Assessing the Flow of Tech Talent into Government & Civil Society

Assessing the Flow of Tech Talent into Government & Civil Society: An evaluation of the technology talent landscape shows a severe paucity of individuals with technical skills in computer science, data science, and the Internet or other information technology expertise in civil society and government. The report investigates broadly the health of the talent pipeline that connects individuals studying or working in information technology-related disciplines to careers in public sector and civil society institutions. Barriers to recruitment and retention of individuals with the requisite skills include compensation, a perceived inability to pursue groundbreaking work, and cultural aversion to innovation.

This report was written by Freedman Consulting, LLC, and was commissioned by the Ford Foundation and the John D. and Catherine T. MacArthur Foundation. Excerpt from the executive summary:

Technology now mediates a vast set of relationships, but the number of individuals who can understand, build, and work with these evolving technology tools and platforms remains relatively small… through the effective use of technology is among the greatest contemporary opportunities for the public sector.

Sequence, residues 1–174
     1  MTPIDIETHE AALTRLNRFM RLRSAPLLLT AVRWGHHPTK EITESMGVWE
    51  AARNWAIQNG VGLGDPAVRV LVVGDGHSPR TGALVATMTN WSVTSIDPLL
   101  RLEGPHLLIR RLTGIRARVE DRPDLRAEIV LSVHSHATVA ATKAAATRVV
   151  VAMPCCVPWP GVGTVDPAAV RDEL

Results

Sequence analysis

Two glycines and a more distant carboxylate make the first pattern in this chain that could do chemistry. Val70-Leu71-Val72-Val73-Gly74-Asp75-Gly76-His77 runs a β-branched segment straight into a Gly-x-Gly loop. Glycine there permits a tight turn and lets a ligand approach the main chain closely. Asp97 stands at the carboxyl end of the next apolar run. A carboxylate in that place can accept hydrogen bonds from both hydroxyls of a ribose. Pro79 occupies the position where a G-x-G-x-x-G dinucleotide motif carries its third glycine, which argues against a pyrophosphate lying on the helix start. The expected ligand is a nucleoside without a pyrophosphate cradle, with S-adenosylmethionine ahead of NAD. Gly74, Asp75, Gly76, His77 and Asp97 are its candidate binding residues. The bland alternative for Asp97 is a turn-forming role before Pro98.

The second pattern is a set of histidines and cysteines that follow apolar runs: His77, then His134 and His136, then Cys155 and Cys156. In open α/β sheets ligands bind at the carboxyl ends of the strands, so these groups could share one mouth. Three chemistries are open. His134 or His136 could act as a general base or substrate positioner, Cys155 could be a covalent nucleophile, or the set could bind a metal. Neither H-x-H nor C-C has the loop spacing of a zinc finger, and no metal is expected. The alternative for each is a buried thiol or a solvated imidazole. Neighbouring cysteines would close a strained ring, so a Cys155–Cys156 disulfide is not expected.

Civil society faces a similar set of challenges and opportunities. Technology has emerged as a transformative tool for how non-governmental organizations are able to build movements, raise money, disseminate information, provide services, and generate conversation.

In addition, both government and civil society will play a crucial role in making decisions about how technology should be used across all sectors of contemporary society. This includes identifying opportunities to utilize technology as a solution, but it also involves a sophisticated and challenging set of conversations about limitations on the use of technology, whether by private or public institutions…

Recent examples illustrate in vivid detail both the complexity of these issues and their growing relevance. The launch of President Barack Obama’s signature domestic policy initiative health care reform has been stymied by significant malfunctioning of HealthCare.Gov, the online portal intended to provide health insurance to millions of Americans… In particular, because HealthCare.Gov was built largely by private contractors, questions have emerged about whether government agencies employ enough individuals with the skills to knowledgeably manage outside vendors for extensive technology projects…

…deep questions remain about the ability for many areas of government and civil society to identify, cultivate, and retain individuals with the necessary skills for success in a world increasingly driven by information technology.

I like the report, upon first glance – but I missed anything about recommendations about how there must be a change in how FUNDERS think. Without a change in how funders think about paying for overhead at nonprofits and community initiatives and about how they pressure nonprofits to keep administrative costs low, the funding needed for the changes recommended in this report isn’t going to happen – and therefore the changes aren’t going to happen.

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